B was ushered out on to the surging crowds of Sulieman Pasha Street and before returning to Heliopolis he decided to wander about the town. Comparing it with a recent call at the nearby town of Tel Aviv across the border in British Palestine (Israel) which was an all Jewish town and in its way, quite western, Cairo was mainly a Muslim town and, at that time there was little western influence around.(BLOG – Palestine Curfew). There were few people in western clothes, the majority of the passers-by wore loose white robes called the curdee and for headware, either a fez, a caftan or an embroidered talpock. Manual workers or street venders were more often wearing skull caps. Sometimes a young, well-off man could be seen in baggy trousers, a waistcoat and a white braided jacket. Most of the women wore yazmaks, these being veils, ranging from the flimsy see-through type to the full purdah with only a small slit for the eyes. Walking around was interesting and the streets alive with movement, but he did not enter into any of the side alleys remembering a previous event when calling here. (BLOG – A Cairo Tour).

That evening B waited in the lounge for the arrival of one or both of the traders. A servant came to call him and lead him to the rear of the hotel, where the sacks had been brought the previous day. Abdul was at the wheel of a Chevrolet taxi with Ahmed standing nearby. B led the way up the back stairs with Ahmed following. As he pushed open the bedroom door, muffled squeals came from the dark interior. A dim light was switched on so that he could see two of the east bound crew in bed, and there were two women with them. ‘What the hell’s going on here?’ he called out. There was shuffling and adjusting. The women seemed terrified, of police no doubt, and the airmen awkward and annoyed. ‘They’re playing cards in our room,’ one said, ‘we thought you wouldn’t mind.’ B caught sight of Ahmed outside the door and resolved to cut matters short. ‘I want some bags in here first and then I’ll leave you. Stay there.’ This last bit to Ahmed. In some peculiar way he was ashamed for the Egyptian to see two British airmen in this situation.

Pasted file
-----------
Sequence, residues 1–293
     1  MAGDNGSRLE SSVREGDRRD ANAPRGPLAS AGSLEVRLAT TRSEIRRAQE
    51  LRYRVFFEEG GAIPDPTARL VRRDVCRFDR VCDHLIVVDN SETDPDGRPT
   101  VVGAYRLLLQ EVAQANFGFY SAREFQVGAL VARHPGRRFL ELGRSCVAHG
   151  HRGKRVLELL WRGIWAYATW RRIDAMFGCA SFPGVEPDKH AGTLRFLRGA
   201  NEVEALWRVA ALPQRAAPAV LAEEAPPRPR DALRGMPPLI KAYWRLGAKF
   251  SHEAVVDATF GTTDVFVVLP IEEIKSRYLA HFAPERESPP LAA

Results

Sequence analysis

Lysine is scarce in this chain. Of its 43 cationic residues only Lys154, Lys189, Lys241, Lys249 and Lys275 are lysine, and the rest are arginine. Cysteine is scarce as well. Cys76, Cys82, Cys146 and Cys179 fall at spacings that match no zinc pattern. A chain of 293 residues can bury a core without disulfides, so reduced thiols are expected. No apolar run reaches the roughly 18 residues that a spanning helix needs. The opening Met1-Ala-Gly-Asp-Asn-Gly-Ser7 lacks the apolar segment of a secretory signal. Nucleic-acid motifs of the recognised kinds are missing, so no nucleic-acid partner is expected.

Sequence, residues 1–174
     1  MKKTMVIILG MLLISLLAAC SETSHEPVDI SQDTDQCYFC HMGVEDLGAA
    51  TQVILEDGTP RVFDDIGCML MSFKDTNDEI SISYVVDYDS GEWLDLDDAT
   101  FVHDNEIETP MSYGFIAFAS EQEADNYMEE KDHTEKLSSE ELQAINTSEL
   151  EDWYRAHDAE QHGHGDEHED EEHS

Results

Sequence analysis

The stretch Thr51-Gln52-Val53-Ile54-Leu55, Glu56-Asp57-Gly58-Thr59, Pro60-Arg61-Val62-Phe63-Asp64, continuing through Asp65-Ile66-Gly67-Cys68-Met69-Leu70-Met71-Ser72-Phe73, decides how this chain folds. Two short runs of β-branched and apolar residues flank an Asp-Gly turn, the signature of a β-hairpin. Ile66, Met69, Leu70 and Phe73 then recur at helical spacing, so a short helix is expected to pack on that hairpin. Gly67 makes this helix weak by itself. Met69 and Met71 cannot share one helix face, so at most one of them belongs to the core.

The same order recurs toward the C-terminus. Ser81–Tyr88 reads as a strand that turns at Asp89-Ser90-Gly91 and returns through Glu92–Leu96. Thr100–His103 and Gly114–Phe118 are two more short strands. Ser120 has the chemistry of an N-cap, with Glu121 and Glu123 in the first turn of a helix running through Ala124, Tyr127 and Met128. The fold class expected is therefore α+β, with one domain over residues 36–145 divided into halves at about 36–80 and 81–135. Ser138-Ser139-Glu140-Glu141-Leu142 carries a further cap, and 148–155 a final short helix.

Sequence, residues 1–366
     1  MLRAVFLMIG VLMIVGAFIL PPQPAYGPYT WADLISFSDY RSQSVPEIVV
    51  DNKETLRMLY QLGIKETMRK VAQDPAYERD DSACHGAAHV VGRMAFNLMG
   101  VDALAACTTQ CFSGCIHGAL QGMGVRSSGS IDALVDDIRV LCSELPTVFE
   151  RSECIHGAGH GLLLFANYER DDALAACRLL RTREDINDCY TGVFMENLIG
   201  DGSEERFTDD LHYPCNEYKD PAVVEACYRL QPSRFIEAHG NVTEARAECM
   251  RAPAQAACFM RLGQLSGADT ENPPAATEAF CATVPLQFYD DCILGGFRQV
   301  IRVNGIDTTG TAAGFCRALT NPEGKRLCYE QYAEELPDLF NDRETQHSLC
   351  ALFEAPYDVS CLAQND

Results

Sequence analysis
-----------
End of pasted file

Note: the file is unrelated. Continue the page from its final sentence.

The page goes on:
He dragged out the five sacks and closed the door behind him. Ahmed had a knife and cut open one of the sacks. The packets of tea were tipped out on to the floor of the passageway and counted back into the sack, which B held. There were fifty. Ahmed did not count the contents of the other sacks, but produced the biggest wad of notes B had ever seen from under his robe and handed it over. They were £1 notes, and he flipped through the wad, then nodded. They dragged the sacks along the passageway and down each flight of stairs. There was a mezzanine with a balcony overlooking the first floor foyer and, as the two shuffled the sacks along, B could see below, as in slow motion, a steady stream of high ranking military personnel passing across the foyer and entering a side door. Each officer removed his hat before entering and placed it on a hat rack in the foyer, before disappearing out of sight. There was a French kepi, American peaked caps with braid on the peaks, British caps, both peaked and forage. It seemed that there was going to be some high level meeting in one of the hotel’s conference rooms. He stopped, rivetted by the unusual sight until a hiss from Ahmed, waiting at the top of the stairs, got him moving again.

Down at street level, the three of them bundled the sacks into the back of the car. There was a brief exchange then the two got into the front seats, doors slammed and the taxi drove quickly away. B mounted the stairs, wondering what he was going to do next, as he hugged the bundle of notes inside his battle dress blouse. He was carrying more than a years pay.